Remittances are the shining light of development policy. While debate rages in austerity-hit Western capitals about spending on aid, remittances cost tax-payers nothing. Remittances to developing countries are worth nearly half a trillion dollars – that’s three times the level of aid – and they’re rising fast, quadrupling since the turn of the century. And remittances work. It’s hard to imagine a more efficient targeting system than people sending money home to their own families and the facts bear that out; remittances are linked to improved economic, health and education outcomes. And as if those benefits weren’t enough, remittances are a huge driver of financial inclusion, acting as a gateway to banking for the people sending and receiving them.
Experts agree that the institutional frameworks for addressing migration, displacement and relocation in the context of environmental change are not well articulated. There is overall a lack of understanding of good practices in planned relocations and preventive resettlement. Moreover, most of the experiences studied so far have proved quite negative. Appropriate governance responses need to distinguish between rapid- and slow-onset events and take into account the socio-economic and demographic characteristics of the community involved. There is also need for institutional frameworks capable of providing support to those who are not able or willing to leave the affected region and, therefore, remain behind. A symposium organized by KNOMAD’s Thematic Working Group (TWG) on Environmental Change and Migration in 2014 concluded: “a mapping exercise that identifies effective mechanisms for cooperation and coordination among different ministries and agencies would provide guidance to governments and international organizations as they move ahead in developing adaptation strategies involving human mobility.”
Call for Proposals
The TWG on Environmental Change and Migration plans to commission one or more papers that improve understanding of existing and new institutional frameworks addressing internal and international migration in the context of environmental change. The papers will be distributed widely, including for circulation at upcoming events such as the Conference of Parties to the UN Framework Convention on Climate Change, the Global Forum on Migration and Development, and the World Humanitarian Summit.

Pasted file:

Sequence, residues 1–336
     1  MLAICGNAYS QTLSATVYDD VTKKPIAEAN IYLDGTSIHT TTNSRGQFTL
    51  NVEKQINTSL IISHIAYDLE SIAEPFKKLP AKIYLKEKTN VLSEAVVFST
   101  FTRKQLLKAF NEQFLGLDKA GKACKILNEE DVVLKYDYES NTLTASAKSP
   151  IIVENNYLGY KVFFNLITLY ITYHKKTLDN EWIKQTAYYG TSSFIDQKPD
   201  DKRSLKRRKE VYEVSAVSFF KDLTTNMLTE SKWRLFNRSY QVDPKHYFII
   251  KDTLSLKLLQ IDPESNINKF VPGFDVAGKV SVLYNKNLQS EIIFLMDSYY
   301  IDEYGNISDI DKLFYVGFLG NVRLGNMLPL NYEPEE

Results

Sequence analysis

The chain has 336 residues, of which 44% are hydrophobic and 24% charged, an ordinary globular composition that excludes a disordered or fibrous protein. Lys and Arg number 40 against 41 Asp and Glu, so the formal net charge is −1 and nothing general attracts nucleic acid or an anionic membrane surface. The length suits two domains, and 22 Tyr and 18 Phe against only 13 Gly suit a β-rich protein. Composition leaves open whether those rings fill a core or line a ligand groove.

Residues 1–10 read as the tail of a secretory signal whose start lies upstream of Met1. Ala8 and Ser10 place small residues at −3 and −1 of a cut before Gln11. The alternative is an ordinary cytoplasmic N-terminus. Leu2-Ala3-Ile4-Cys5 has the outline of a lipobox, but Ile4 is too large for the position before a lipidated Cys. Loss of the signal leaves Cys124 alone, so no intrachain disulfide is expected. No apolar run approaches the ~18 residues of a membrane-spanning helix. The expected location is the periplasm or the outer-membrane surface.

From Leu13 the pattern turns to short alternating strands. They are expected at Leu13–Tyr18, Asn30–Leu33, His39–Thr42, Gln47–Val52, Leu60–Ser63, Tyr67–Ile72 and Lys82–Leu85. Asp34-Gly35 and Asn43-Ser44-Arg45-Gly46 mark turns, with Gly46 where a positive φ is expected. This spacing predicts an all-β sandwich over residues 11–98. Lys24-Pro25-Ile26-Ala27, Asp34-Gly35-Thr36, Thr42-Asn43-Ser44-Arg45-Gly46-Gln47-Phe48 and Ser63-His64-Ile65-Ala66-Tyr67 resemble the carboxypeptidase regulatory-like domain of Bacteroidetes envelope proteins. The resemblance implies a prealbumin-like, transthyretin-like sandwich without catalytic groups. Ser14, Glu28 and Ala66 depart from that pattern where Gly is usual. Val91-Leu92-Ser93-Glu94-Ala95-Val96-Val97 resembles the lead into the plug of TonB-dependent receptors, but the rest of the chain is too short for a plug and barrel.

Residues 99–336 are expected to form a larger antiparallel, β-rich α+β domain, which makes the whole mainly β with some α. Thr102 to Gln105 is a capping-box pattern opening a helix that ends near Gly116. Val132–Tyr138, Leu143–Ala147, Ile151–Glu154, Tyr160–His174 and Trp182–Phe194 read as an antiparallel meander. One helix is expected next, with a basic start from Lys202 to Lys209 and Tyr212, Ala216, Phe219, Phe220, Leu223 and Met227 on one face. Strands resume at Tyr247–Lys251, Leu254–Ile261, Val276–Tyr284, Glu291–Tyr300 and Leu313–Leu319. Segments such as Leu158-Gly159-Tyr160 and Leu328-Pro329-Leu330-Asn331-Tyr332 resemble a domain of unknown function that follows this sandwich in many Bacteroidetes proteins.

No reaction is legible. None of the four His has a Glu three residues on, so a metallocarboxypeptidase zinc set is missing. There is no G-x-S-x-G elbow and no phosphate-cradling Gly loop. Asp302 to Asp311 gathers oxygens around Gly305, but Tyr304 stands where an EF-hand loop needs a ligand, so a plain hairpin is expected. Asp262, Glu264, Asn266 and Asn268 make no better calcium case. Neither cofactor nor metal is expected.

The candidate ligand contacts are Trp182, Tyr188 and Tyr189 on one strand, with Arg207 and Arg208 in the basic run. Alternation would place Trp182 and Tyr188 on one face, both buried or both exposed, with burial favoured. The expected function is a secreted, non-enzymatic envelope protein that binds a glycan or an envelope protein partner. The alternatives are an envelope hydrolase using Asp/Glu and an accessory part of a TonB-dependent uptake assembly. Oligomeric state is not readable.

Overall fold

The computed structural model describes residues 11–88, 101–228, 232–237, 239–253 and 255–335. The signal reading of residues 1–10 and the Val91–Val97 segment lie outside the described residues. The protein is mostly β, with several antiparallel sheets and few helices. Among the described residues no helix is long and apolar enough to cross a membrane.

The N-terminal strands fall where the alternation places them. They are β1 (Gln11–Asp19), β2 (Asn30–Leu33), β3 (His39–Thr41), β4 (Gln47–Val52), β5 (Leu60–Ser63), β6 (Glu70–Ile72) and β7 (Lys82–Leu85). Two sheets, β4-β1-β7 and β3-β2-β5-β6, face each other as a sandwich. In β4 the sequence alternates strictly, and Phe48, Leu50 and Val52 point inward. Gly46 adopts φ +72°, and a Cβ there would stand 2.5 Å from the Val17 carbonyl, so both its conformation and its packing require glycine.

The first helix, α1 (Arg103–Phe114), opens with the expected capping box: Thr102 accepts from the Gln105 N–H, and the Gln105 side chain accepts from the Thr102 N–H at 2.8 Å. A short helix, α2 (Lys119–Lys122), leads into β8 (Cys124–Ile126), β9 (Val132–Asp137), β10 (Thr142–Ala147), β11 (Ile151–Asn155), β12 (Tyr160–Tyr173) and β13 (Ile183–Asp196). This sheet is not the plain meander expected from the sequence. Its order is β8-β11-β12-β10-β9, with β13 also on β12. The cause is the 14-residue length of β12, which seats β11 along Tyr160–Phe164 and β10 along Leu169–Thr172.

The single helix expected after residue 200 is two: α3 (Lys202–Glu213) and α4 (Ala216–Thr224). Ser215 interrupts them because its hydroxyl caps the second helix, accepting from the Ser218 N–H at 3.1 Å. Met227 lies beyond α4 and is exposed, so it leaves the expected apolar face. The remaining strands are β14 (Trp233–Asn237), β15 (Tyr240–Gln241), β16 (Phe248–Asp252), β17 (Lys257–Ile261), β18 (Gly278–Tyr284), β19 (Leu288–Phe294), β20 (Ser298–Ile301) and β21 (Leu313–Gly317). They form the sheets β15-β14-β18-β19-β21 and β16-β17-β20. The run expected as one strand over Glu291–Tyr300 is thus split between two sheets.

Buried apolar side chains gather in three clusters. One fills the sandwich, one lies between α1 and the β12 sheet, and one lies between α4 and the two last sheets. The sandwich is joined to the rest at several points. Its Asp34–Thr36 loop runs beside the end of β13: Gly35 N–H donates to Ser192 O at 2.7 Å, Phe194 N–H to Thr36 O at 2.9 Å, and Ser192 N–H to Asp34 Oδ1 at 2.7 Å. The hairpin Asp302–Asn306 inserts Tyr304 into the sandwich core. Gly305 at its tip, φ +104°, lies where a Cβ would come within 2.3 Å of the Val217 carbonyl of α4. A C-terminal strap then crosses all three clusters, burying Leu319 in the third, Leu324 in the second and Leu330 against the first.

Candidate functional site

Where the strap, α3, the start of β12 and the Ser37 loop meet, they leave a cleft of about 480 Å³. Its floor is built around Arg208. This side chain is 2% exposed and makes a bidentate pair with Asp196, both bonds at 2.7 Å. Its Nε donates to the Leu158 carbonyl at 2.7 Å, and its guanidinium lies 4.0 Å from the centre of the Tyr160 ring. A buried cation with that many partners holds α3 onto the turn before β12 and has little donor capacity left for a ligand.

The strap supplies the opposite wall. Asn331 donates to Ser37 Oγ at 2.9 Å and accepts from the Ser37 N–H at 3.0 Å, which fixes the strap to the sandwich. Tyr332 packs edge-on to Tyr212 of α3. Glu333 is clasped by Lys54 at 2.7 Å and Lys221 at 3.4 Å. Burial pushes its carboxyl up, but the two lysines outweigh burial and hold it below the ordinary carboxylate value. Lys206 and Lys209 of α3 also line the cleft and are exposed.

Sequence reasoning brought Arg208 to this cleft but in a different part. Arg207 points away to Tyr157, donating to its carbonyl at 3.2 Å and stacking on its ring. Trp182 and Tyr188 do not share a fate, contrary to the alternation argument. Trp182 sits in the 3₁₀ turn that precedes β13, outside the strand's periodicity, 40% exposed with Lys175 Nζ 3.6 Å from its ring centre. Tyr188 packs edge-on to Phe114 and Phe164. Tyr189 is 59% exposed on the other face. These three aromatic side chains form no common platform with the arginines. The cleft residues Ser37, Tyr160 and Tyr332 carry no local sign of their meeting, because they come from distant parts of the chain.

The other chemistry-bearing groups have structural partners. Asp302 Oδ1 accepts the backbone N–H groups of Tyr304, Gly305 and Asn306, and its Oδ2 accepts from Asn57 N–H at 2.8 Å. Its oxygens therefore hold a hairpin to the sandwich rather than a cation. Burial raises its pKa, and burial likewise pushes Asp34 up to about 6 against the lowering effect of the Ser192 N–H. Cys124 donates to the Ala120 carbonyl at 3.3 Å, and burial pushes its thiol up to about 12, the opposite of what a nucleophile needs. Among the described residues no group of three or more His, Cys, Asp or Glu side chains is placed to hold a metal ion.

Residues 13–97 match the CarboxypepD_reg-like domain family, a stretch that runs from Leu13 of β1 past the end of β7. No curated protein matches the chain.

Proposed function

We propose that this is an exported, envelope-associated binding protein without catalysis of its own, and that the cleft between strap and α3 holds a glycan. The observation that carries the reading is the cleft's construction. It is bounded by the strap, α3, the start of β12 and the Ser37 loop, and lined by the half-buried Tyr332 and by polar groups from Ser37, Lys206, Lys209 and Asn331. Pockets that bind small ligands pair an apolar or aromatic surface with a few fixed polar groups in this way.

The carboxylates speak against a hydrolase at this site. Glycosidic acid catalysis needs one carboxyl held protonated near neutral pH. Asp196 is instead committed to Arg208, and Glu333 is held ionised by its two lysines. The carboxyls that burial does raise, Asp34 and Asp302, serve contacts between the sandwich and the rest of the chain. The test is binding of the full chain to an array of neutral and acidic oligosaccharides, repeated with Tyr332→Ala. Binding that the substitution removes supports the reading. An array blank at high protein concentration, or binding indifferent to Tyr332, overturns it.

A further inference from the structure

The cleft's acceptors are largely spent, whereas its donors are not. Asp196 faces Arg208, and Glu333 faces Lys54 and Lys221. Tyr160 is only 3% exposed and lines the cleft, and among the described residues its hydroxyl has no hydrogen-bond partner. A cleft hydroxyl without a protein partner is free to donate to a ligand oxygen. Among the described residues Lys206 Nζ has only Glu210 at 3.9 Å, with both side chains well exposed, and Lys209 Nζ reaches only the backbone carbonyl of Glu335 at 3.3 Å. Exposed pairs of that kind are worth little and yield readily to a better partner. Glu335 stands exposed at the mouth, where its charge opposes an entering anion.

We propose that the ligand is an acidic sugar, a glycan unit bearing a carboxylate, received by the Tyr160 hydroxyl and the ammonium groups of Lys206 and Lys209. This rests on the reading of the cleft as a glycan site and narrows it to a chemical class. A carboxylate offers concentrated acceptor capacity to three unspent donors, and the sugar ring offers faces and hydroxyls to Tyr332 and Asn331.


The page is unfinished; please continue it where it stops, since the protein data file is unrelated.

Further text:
Table 1: Migrants and outward remittances in GCC countries, 2013
The Diaspora Investment Alliance (formerly the Rockefeller Foundation-Aspen Institute Diaspora Program), a program of the Aspen Institute in Washington, D.C., has undertaken a diaspora outreach series over the past year to investigate willingness and barriers to investing and/or donating back home. A major finding was that both willingness and barriers to doing so are high among diasporas. Consequently, if effective and efficient avenues to facilitate diaspora impact investing or donating were readily available, many individuals would use them. The starting point is thus an understanding of the reasons why migrants may decide not to invest in origin country development, even when they have both the desire and capacity to do so. Here are some of the major barriers to origin country investment and philanthropy expressed by diaspora communities.
Lack of Information and Transparency
Diasporans often do not have sufficient information on impact investment or donation options to make informed decisions. When it comes to investments, the costs of sourcing and vetting deals are often prohibitive for individual investors, particularly in markets with a lack of credit bureaus. On the donation side, there is an abundance of options – for instance, there are over 3,000 certified NGOs in the Philippines and over 7,000 registered NGOs in Kenya – yet there are no third party ratings (e.g., Charity Navigator) of these agencies.